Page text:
Leed and Healthy Built Homes
Building green can save you money. The word green is often abused and over used by entities which have no plausible claim to do so. The most honest definition of the new word green in buildings includes efficiency, durability, and sustainability.
LEED and HERS are two competing national certification programs for the design, construction, and operation of high performance green buildings. Both programs look at the plans for a building on paper before the building process and rate them accordingly. Both require third party observation during the building process, have an extensive check list for the third party to observe and check off such as use of Energy Star appliances, low flow plumbing fixtures, and blower tests after construction to test air "leakiness" of the building and duct work. Both concentrate on building efficient, durable, and sustainable structures.
Currently many manufacturers of various materials call themselves green because perhaps a part of the producing plant recycles trash. Others assume the title arbitrarily because their product is bamboo flooring and bamboo is sustainable or reproducible. Or the factory has recently switched to fluorescent lighting, cutting electric bills, but has done nothing about its inadequate insulation or its antiquated heating system. These examples are called greenwashing, and they are ubiquitous.
The carbon footprint of an item is the amount of CO2 (from burned fossil fuel) produced in the manufacture, delivery, use over its lifetime, and safe disposal of that item. This becomes quite complicated to determine accurately for a single item, and overwhelming for the number of products making up an entire house. If something must be shipped around the world, much more energy is required than if it is locally produced. (Look at bamboo flooring from Indonesia and granite countertops from India). Also, one must consider the waste in the manufacturing process, toxic byproducts, cost to reproduce and replace after its useful lifetime, costs of disposal, and its contribution to maintaining landfills.
This brings us to employing common sense. Ideally, we should look at the totality of products which make up a building, their beneficial and harmful qualities, their sustainability (are we using them up, or can we reproduce them at a regular interval at an acceptable cost?), their durability ( how long will the building and components last?), and the efficiency (what will it cost over the life of the building to heat, cool, and power it?).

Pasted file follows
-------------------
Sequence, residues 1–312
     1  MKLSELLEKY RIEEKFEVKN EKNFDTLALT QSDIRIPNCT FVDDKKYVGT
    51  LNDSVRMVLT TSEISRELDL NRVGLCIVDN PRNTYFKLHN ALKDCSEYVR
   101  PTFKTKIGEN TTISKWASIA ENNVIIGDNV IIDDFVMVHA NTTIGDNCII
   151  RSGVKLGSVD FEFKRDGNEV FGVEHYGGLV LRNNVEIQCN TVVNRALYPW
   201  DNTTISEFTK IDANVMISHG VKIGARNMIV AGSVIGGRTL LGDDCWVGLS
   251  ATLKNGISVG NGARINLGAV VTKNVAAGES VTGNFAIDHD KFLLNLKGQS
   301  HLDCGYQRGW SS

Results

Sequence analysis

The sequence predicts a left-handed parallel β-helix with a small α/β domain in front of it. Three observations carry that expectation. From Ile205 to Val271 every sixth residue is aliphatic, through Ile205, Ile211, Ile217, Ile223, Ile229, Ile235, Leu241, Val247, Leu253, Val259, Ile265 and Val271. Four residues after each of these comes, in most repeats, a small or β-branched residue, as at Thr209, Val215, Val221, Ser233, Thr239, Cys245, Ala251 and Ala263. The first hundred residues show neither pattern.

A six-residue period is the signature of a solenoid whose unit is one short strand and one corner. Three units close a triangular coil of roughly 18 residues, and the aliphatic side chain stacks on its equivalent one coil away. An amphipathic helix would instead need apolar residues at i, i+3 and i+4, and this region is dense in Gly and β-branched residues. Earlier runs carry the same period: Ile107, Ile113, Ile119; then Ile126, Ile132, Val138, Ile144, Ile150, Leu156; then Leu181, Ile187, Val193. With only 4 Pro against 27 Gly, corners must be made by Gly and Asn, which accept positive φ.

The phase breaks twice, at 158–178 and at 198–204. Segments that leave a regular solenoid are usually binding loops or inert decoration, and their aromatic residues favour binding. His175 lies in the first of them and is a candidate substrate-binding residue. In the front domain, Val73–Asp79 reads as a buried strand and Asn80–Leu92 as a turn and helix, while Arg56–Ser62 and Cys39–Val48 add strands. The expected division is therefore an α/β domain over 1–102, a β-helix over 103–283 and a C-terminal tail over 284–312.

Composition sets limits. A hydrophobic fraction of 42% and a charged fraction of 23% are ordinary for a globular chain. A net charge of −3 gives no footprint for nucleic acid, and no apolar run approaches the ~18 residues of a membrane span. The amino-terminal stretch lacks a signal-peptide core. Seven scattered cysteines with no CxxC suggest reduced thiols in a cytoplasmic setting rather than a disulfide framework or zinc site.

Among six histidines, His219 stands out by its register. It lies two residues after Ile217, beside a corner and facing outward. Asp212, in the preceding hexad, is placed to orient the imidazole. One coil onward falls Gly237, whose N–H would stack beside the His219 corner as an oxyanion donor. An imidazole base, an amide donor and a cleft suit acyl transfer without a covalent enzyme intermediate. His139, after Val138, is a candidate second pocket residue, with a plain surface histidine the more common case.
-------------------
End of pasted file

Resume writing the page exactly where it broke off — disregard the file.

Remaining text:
LEED and HERS are both directed at producing buildings which utilize these three criteria.
Timber frame buildings with Structural Insulated Panels or SIPS are inherently efficient from the beginning. They commonly cost one half as much to heat and cool as equally R-rated stick built structures with fiberglass batts between studs. SIPS have been used for some eighty years in the food refrigeration industry. The SIPS we use are made from Styrofoam (approved for food containers by the FDA) and oriented strand board, made with formaldehyde free glue. Sips do cost more initially, but usually pay for the difference in 5-6 years in reduced heating and cooling costs.
Rather than just give lip service to these goals, we at Cabin Creek Timber Frames actually put our money into it. Unfortunately, no provision was made in LEED or HERS for buildings built before the programs' inception. We have been building extremely efficient buildings since 1996. We have kept records of energy cost for a house we built in Western North Carolina in 2005 which enjoys timber frame and SIPS. It is 2800 square feet, and to heat, cool and power cost $85 per month until incandescent bulbs were replaced with fluorescent bulbs, bringing the cost down to $75 per month. Although we are unable it get it certified due to government burocracy, the blower tests and actual cost of energy placed its efficiency or energy usage at 59% of the projected reference house.
A recent engineering study compared our complex, both office (SIPS and timber frame) and beamery (metal building), 9250 square feet, using energy use data over the past two years, with an imaginary complex, same size, minimum code requirements, using an all electric heating system. We heat the entire complex with a detached wood burning boiler using waste wood from our operation to heat hot water for our radiant floor system. The results show our actual complex uses 43% of the energy used by the standard building. The other 57% or approximately $9000 saving is not being spent on Middle Eastern Oil. Waste wood is carbon neutral as it would become CO2 whether it burns or decays in a landfill.
For a more detailed article on the house mentioned above and the office and beamery please click here.
From a practical standpoint, it makes good financial sense to spend the extra money initially required to build a more efficient building in light of the decreased costs of operating and the rising costs of energy.
Cabin Creek Timber Frames can work with the homeowner, the general contractor, and either LEED or HERS to build your efficient, durable and sustainable home, get it certified, and obtain federal, state, and sometimes municipal tax credits for even more savings.
Written by: Joseph O. Bell, III
Copyright © 2008, Joseph O. Bell, III
All Rights Reserved
CABIN CREEK TIMBER FRAMES
6624 Georgia Road Franklin, NC 28734
Hers or Home Energy Rating System: www.energy.ca.gov/HERS/index.html
Energy Star www.energystar.gov